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Keena Minifield and Chris Guido, both of York City, share their experience in working to stay in communication. during Guido's time in York County Prison.

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York County commissioners will hold off on finalizing a prison telecommunications contract until they can discuss it further at their next prison board meeting in October, according to Commissioner Doug Hoke.

The contract with Global Tel Link, or GTL, was the subject of a special report published in The York Dispatch on Tuesday, Sept. 19, and featured on Fox43 News's 10 p.m. broadcast on Monday, Sept. 18.

The reports showed that prisoners' families are paying rates far higher than those charged at state correctional facilities for phone calls with their loved ones, while GTL provides the county about $900,000 per year in commissions.

More: Special report: York County Prison maintained by 'phone tax' on prisoners' families

More: Facts about GTL and the prison phone industry

That money goes into the county's Inmate Telephone Revenue Fund, which is spent on items and services at the prison ranging from roof repairs to body-armor vests for the guards.

The county's contract with GTL was originally signed in 2003 and has been renewed and amended several times since.

The prison board, which includes all three commissioners, unanimously voted to approve a three-year renewal of that contract during its meeting on Tuesday, Sept. 12, with minimal discussion beyond whether the rates and commissions would stay the same.

Prison warden Clair Doll told the board that the rates and commissions would remain the same and added that he was happy with the level of service GTL provided.

More discussion: Commissioners could have finalized that contract renewal as early as Wednesday, Sept. 20, during their bi-monthly public meeting, but a motion to take that action was not on the agenda.

After the meeting, Hoke said that commissioners have until Nov. 16, when their current contract with GTL expires, to finalize that renewal.

Asked whether he was having second thoughts, Hoke, who serves as president of the prison board, said members planned to discuss The York Dispatch article during the next prison board meeting, which is scheduled for 9 a.m. Oct. 10 at the prison.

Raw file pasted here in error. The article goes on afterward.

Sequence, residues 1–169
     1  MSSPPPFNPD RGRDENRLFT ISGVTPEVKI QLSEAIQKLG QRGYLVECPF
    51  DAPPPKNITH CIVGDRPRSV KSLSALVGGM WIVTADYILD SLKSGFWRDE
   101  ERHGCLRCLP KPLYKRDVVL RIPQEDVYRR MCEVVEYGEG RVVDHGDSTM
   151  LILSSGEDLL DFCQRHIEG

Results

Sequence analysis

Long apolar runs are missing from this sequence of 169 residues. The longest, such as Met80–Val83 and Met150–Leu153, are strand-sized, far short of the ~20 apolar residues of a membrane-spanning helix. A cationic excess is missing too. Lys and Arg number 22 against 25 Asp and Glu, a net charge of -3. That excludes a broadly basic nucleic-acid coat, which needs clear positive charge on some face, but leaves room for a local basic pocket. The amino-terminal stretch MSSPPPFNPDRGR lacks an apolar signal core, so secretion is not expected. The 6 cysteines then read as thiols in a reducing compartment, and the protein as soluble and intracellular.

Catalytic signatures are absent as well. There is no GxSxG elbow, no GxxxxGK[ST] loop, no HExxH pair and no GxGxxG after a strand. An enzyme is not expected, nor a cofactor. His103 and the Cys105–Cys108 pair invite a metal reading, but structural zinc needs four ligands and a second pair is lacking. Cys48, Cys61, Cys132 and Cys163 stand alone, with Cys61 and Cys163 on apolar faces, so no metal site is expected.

Hoke added that the board has asked Doll to compile more information about the prison telephone rates prior to that meeting, and commissioners wouldn't finalize the renewal until that discussion.

Under the current contract, phone calls from the prison are 25 cents per minute plus various billing fees. The county receives a commission of 12 cents per minute, but only on intrastate calls.

The county does not receive a commission on interstate calls, the rates for which the Federal Communications Commission capped at 25 cents per minute in 2016.

The FCC tried to do the same for calls within a state, but it was challenged by companies, including GTL, and a federal court placed a hold on capping those rates pending further legal review.

When President Donald Trump appointed a new FCC chairman, Ajit Pai, the commission backed out of its court challenge, which is still being pursued by prisoner advocacy groups.

Seven states, including New York, have altered state law to forbid commissions from prison telecommunications contracts, and the prices have dropped as low as 1.25 cents per minute in Nebraska, according to Prison Phone Justice, a nonprofit organization that monitors rates.

York County Prison doesn't have the highest rates in the state — Wyoming County Correctional Facility charges $2.68 for the first minute and then 68 cents per minute.

Still, the rate charged in York County is far more than the 6 cents per minute charged at all state-run prisons.

Previous statement: Hoke and the other commissioners had declined interviews about the contract prior to publication of the previous report, deferring to prison board solicitor Donald Reihart.

With Reihart unavailable for an interview, the prison board issued a statement explaining that its rates are compliant with the FCC and Pennsylvania Utility Commission, and that those rates have been reduced since the FCC ruling last year capped rates for interstate calls.

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"We endeavored to strike the right balance between the needs of our inmate population and the needs of our taxpayers," the statement reads. "We believe GTL offers a quality product, and the prison board is fully confident in the county's treatment of the revenue generated for the benefit of all."

Hoke said Wednesday that there was nothing in The York Dispatch article that he didn't already know and that the phone rates and commissions are topics that have been discussed in the past.

Hoke has previously praised the telephone revenue fund because it allows the county to purchase needed improvements at the prison without charging taxpayers.

— Reach David Weissman at dweissman@yorkdispatch.com or on Twitter at @DispatchDavid.

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